I spent the morning cranking out an emergency speech for my big boss, the shadowy Minister of Reading My Speeches. I don't much like working on weekends, but I can't resist the allure of the Emergency Speech: get some words into that politician STAT! Otherwise it's just an unprepared person behind a podium somewhere, thumb-twiddling and telling off-colour jokes for a horrified crowd. "This is what our tax dollars are paying for?" says one audience member. "We voted in a monster!" screams another, and then anarchy reigns, civilization topples on its noggin and the world drops down into the vortex of misrule. And that's why I write my speeches.
Even though a speech often needs time to gestate, really good ones are written in little bursts of speed, like sudden violent burps. The one I wrote today took several hours of procrastination and maybe thirty minutes of actual writing. Maybe even less. And the result was a speech that I was entirely pleased with, one that contained the precise balance of information and rhetoric, hit the correct rhythm and tone, and more or less rocked.
It also confirmed my suspicion that speechwriting is analogous to caricature. Like the caricaturist, the speechwriter usually works for speed, and you need to economize. Strokes and lines stand in for more complex issues; it's important to hit just the correct minimum amount of detail necessary to get your point across, and then you're on to the next line. The language of speeches needs to be vivid, memorable and excrutiatingly correct. Above all, as with a caricaturist, the final product is intended for the audience. The speaker must speak to and for the people who have gathered to listen. They are the ones who will be moved, persuaded, informed, what have you. They are the ones who need to remember what the speaker has said.
I work in a bureaucracy. I am soaked in paper and process. Bureaucratic language is the enemy of speechwriting. It is abstract, vague, colourless and often free of content. When you're inside the bureaucracy, this kind of language becomes normalized, to the extent that it is possible to become enthused by the prospect of 'continuing on a go-forward basis' or 'engaging with key stakeholders on a needs assessment framework'. Speeches addressed to fellow bureaucrats may have this kind of language, but there is nothing more poisonous than the leakage of this non-communicative jargon into a speech or a media release intended for actual people.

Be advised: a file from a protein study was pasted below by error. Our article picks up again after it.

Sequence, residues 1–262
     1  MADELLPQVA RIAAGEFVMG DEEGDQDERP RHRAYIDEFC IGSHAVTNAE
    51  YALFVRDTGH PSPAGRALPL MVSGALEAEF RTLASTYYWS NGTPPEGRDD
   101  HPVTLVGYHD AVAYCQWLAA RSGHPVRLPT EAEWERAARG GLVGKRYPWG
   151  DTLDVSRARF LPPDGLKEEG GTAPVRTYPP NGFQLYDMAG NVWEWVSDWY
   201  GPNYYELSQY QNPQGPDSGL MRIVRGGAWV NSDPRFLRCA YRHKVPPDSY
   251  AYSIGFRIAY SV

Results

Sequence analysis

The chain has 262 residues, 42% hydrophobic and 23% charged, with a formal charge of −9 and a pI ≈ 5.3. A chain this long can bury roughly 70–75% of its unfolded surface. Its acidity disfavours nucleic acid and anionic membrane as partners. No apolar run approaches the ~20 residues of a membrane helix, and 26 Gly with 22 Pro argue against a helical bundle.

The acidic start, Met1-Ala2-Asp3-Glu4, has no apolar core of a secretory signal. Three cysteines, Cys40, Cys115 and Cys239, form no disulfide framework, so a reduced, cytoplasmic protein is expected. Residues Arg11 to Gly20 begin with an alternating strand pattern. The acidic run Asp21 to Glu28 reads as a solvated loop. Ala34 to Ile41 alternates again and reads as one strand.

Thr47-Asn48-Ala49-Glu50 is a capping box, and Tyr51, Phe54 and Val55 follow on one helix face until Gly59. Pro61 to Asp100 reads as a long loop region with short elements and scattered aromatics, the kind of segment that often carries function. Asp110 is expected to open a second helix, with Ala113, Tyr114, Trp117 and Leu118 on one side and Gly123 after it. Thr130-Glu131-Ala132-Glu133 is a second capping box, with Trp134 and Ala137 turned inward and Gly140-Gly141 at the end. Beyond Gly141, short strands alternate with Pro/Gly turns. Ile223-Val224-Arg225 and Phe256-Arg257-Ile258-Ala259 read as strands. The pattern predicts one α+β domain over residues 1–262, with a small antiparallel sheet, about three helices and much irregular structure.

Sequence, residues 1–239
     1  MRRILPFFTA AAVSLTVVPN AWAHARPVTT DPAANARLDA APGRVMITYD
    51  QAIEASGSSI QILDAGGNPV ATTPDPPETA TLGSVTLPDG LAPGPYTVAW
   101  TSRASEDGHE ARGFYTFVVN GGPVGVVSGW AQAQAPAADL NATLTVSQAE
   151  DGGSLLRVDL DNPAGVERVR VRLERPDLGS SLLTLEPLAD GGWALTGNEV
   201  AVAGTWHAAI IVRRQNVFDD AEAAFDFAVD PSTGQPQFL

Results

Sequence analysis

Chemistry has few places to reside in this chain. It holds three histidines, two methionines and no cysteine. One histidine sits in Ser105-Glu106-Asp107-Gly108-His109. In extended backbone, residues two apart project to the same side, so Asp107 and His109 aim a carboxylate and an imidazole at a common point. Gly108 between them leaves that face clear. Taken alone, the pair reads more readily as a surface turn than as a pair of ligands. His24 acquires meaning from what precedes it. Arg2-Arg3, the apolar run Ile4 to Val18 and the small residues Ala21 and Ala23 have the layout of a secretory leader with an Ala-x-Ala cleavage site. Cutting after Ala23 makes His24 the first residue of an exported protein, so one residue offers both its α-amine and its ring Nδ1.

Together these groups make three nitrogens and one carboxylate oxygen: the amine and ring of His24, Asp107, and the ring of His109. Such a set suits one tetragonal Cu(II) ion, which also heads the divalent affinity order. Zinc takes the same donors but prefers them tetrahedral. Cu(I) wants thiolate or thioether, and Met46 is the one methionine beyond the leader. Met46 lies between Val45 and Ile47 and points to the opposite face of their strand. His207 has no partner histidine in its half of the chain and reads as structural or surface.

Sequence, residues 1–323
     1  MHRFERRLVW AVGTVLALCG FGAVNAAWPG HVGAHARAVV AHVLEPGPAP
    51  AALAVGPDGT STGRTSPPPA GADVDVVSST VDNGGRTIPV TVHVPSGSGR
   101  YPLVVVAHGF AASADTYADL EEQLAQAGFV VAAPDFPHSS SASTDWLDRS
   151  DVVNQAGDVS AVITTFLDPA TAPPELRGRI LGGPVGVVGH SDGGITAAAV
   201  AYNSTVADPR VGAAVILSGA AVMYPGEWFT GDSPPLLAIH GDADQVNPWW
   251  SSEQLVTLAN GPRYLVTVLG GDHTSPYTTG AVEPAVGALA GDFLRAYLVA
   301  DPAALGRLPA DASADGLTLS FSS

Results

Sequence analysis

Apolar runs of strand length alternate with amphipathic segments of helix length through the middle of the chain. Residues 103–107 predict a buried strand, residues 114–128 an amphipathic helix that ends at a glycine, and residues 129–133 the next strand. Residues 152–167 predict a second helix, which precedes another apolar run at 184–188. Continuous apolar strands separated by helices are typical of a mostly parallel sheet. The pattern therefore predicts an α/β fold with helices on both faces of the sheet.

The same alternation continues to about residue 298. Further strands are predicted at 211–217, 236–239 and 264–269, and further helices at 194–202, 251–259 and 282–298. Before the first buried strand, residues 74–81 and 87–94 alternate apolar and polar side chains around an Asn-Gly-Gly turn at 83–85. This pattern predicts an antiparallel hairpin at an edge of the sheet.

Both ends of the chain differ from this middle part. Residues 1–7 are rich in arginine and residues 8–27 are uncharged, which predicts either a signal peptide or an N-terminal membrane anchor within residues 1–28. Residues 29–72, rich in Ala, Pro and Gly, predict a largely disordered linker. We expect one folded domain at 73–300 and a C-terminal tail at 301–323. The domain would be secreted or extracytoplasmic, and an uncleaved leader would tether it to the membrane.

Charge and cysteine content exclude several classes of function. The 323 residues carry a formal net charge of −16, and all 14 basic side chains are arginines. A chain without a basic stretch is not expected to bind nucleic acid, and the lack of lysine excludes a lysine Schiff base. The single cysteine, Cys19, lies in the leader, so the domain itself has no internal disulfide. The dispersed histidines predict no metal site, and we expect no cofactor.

In order to avoid this, I need to work as a sort of translator, pulling out the thread of the ordinary from the insane tangle of government speak. If I worked for a private corporation the challenge would be the same. Emails, notes, Cabinet documents, annual reports, budget estimates and casual conversations all go in to the mix. Out of that I devise something that the speaker is comfortable saying and the roomful of Rotary Club members or folk festival goers will want to hear.
Also, jokes don't usually work. You can't depend on your speaker having the presence to pull off a joke. And you can't depend on the audience having a sense of humour. I made the mistake when I delivered a speech for an annual event in 2007 and 2008. 2007: friendly audience that laughed at my jokes. 2008: I got heckled. So gauge your audience.
Those are my thoughts: speechwriters are like those guys down by the dock who will draw an insulting pencil sketch of you for five bucks while you sit and smile and the ice cream you're holding slowly runs down your wrist in cold, itchy rivulets. And they're kind of like translators, except they shouldn't translate the jokes. And one day, I'm going to write a Frank Herbertesque tale of heroic speechwriters in the far future who do nothing but spout maxims all day and take weird drugs.